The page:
Many experts are now joining the chorus of those who predict North America could become energy independent within ten years.
This became evident at recent Congressional hearings.
Notable examples of what was told Congress include,
- The United States has already passed Russia as the number two oil producer in the World. Only Saudi Arabia produces more oil than the United States.
- Crude oil imports have been reduced from 60% of consumption to 45% because of fracking.
- U.S. natural gas reserves have grown from a seven-year supply to a supply that can last for over 100 years, again because of fracking.
- Citigroup has suggested that between 2 million and 3.5 million new jobs can be created because of the huge reserves of low-cost natural gas that have been brought about because of fracking.
- Becoming energy independent can cut the current account deficit by two-thirds. This will have huge economic benefits for the United States, since this money can be used to invest in infrastructure at home rather than exporting dollars to the Mideast.
Examples of the benefits that fracking has produced are the restart of the Dow Chemical ethylene plant, the reopening of a large ammonia plant in Beaumont, Texas, and CF Industries planned $1 billion investment in a new ammonia plant.
But all these good things can only happen if the government will get out of the way.
Private industry developed fracking when the government wasn’t looking.
EPA’s excessive regulations, the government’s withholding of federal lands from drilling and the government’s obsession with CO2 emissions, are but three examples of how the government is keeping the United States from becoming energy independent.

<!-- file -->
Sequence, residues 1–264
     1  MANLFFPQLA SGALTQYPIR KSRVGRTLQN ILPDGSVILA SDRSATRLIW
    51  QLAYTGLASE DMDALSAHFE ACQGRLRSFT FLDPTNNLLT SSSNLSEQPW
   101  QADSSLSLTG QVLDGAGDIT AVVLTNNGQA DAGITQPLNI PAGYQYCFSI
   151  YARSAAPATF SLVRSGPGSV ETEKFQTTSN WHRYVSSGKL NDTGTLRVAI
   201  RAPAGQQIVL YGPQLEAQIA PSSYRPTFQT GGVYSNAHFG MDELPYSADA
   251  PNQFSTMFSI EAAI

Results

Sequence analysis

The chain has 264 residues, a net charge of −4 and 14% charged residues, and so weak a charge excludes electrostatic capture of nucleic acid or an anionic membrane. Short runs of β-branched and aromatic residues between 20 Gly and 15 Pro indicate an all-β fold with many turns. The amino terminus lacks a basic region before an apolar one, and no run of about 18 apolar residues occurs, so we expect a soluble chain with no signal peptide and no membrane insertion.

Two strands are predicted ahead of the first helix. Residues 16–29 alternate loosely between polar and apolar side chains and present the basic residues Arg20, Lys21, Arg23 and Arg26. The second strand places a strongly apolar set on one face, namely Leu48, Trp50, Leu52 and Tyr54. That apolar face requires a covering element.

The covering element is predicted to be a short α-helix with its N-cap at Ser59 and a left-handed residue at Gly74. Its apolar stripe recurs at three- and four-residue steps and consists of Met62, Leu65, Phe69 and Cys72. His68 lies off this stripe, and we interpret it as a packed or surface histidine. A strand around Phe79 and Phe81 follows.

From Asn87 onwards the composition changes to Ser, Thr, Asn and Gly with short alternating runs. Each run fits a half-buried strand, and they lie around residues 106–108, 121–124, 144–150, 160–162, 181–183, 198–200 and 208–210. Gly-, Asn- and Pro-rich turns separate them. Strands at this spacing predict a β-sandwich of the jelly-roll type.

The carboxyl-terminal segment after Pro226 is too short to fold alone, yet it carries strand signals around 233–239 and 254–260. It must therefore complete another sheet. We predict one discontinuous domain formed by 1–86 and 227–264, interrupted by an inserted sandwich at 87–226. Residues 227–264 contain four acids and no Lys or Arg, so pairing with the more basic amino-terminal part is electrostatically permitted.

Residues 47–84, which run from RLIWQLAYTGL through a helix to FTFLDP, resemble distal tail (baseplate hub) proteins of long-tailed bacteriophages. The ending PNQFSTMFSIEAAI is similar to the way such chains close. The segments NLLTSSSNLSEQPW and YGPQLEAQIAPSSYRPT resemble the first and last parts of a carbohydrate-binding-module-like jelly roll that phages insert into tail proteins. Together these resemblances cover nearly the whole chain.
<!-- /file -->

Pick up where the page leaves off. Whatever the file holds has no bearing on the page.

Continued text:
The war against coal is now the war against fossil fuels. Here is how the Sierra Club portrays the issue:
|“Fossil fuels have no part in America’s energy future – coal, oil and natural gas are literally poisoning us. The emergence of natural gas as a significant part of our energy mix is particularly frightening because it dangerously postpones investment in clean energy at a time when we should be doubling down on wind, solar and energy efficiency.”
—Robin Mann, Sierra Club President
This administration seems to be following Europe’s lead with respect to energy policy.
Many countries in Europe have attacked and even banned fracking. The EU is proposing a European-wide ban on fracking. This, in spite of Europe’s becoming ever more dependent on Russian gas. Meanwhile, Russia isn’t hesitating to utilize fracking to bolster its oil and natural gas industries.
Europe’s energy policy is focused on cutting CO2 emissions 80% by 2050.
These are the same objectives stated by the EPA in its war against fossil fuels. It’s the main reason, i.e., to stop CO2 emissions from the production of oil from tar sands, that the government blocked the Keystone pipeline.
If government will get out of the way the United States, in combination with Canada, can become energy independent within the next ten years.
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